Silicon as a semiconductor: silicon carbide would be much more efficient

At the interface between silicon dioxide and silicon carbide, irregular clusters of carbon rings occur, which disturb the electronic function. University of Basel, Departement Physik/Swiss Nanoscience Institute

Energy consumption is growing across the globe; electric power is being relied upon more and more, and sustainable energy supplies such as wind and solar power are becoming increasingly important. Electric power, however, is often generated a long distance away from the consumer.

Efficient distribution and transport systems are thus just as crucial as transformer stations and power converters that turn the generated direct current into alternating current.

Huge savings are possible

Modern power electronics must be able to handle large currents and high voltages. Current transistors made of semiconductor materials for field-effect transistors are now mainly based on silicon technology.

Significant physical and chemical advantages, however, arise from the use of SiC over silicon: in addition to a much higher heat resistance, this material provides significantly better energy efficiency, which could lead to massive savings.

It is known that these advantages are significantly compromised by defects at the interface between silicon carbide and the insulating material silicon dioxide. This damage is based on tiny, irregular clusters of carbon rings bound in the crystal lattice, as experimentally demonstrated by researchers led by Professor Thomas Jung at the Swiss Nanoscience Institute and Department of Physics from the University of Basel and the Paul Scherrer Institute. Using atomic force microscope analysis and Raman spectroscopy, they showed that the defects are generated in the vicinity of the interface by the oxidation process.

Experimentally confirmed

The interfering carbon clusters, which are only a few nanometers in size, are formed during the oxidation process of silicon carbide to silicon dioxide under high temperatures. “If we change certain parameters during oxidation, we can influence the occurrence of the defects,” says doctoral student Dipanwita Dutta. For example, a nitrous oxide atmosphere in the heating process leads to significantly fewer carbon clusters.

The experimental results were confirmed by the team led by Professor Stefan Gödecker (Department of Physics and Swiss Nanoscience Institute, University of Basel). Computer simulations confirmed the structural and chemical changes induced by graphitic carbon atoms as observed experimentally. Beyond experiments, atomistic insight has been gained in the generation of the defects and their impact on the electron flow in the semiconductor material.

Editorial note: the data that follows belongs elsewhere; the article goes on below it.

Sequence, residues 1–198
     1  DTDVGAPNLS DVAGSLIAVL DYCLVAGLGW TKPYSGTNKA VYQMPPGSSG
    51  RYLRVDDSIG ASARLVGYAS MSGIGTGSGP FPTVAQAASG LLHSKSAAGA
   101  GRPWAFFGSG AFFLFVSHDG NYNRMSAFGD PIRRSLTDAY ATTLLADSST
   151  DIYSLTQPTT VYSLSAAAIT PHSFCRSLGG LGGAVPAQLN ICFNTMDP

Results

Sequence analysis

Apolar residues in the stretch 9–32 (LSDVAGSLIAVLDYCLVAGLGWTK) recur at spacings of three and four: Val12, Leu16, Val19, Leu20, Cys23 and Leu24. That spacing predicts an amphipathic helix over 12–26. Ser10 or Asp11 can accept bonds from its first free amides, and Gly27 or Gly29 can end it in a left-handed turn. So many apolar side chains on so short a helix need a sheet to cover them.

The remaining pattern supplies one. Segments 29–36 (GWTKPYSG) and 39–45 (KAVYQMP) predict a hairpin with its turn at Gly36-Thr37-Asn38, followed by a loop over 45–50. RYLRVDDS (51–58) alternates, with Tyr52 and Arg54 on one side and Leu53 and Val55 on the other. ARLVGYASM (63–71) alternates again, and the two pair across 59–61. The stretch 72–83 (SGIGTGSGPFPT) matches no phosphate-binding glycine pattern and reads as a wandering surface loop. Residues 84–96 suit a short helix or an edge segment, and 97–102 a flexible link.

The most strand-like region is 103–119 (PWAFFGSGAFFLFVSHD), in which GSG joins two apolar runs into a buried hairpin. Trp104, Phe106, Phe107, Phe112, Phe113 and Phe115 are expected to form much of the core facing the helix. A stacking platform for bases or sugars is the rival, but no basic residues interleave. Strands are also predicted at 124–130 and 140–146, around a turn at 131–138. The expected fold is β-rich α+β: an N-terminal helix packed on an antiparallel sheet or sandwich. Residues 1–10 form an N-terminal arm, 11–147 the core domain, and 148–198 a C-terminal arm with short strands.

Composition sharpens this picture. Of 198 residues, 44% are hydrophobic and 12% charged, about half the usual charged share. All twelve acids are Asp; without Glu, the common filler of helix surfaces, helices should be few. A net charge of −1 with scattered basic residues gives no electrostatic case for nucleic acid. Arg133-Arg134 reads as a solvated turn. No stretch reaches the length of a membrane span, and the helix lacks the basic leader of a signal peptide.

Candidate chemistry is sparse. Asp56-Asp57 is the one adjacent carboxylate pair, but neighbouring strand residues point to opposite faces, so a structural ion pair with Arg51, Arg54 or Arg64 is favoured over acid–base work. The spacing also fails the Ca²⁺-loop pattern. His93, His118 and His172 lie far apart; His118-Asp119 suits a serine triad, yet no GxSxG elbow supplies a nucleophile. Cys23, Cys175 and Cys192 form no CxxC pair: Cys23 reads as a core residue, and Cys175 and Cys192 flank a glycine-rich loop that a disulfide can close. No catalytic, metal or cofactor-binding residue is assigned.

Better use of electricity

“Our studies provide important insight to drive the onward development of field-effect transistors based on silicon carbide. Therefore we expect to provide a significant contribution to the more effective use of electrical power,” comments Jung. The work was initiated as part of the Nano Argovia program for applied research projects.

Prof. Dr. Thomas Jung, University of Basel, Department of Physics/Swiss Nanoscience Institute; Paul-Scherrer-Institute, Laboratory for Micro and Nanotechnology, phone +41 56 310 45 18; cell: +41 79 222 45 36, email:

D. Dutta, D. S. De, D. Fan, S. Roy, G. Alfieri, M. Camarda, M. Amsler, J. Lehmann, H. Bartolf, S. Goedecker, T. A. Jung
Evidence for carbon clusters present near thermal gate oxides affecting the electronic band structure in SiC-MOSFET
Applied Physics Letters (2019), doi: 10.1063/1.5112779

Media Contact

Christoph Dieffenbacher Universität Basel

Weitere Informationen:

Alle Nachrichten aus der Kategorie: Physics and Astronomy

This area deals with the fundamental laws and building blocks of nature and how they interact, the properties and the behavior of matter, and research into space and time and their structures.

innovations-report provides in-depth reports and articles on subjects such as astrophysics, laser technologies, nuclear, quantum, particle and solid-state physics, nanotechnologies, planetary research and findings (Mars, Venus) and developments related to the Hubble Telescope.

Zurück zur Startseite

Kommentare (0)

Schreib Kommentar

Neueste Beiträge

High-thermoresistant biopolyimides become water-soluble like starch

This is the first report for the syntheses of water-soluble polyimides which are Interestingly derived from bio-based resources, showing high transparency, tunable mechanical strength and the highest thermoresistance in water-soluble…

Land management in forest and grasslands

How much can we intensify? A first assessment of the effects of land management on the links between biodiversity, ecosystem functions and ecosystem services. Ecosystem services are crucial for human…

A molecular break for root growth

The dynamic change in root growth of plants plays an important role in their adjustment to soil conditions. Depending on the location, nutrients or moisture can be found in higher…

By continuing to use the site, you agree to the use of cookies. more information

The cookie settings on this website are set to "allow cookies" to give you the best browsing experience possible. If you continue to use this website without changing your cookie settings or you click "Accept" below then you are consenting to this.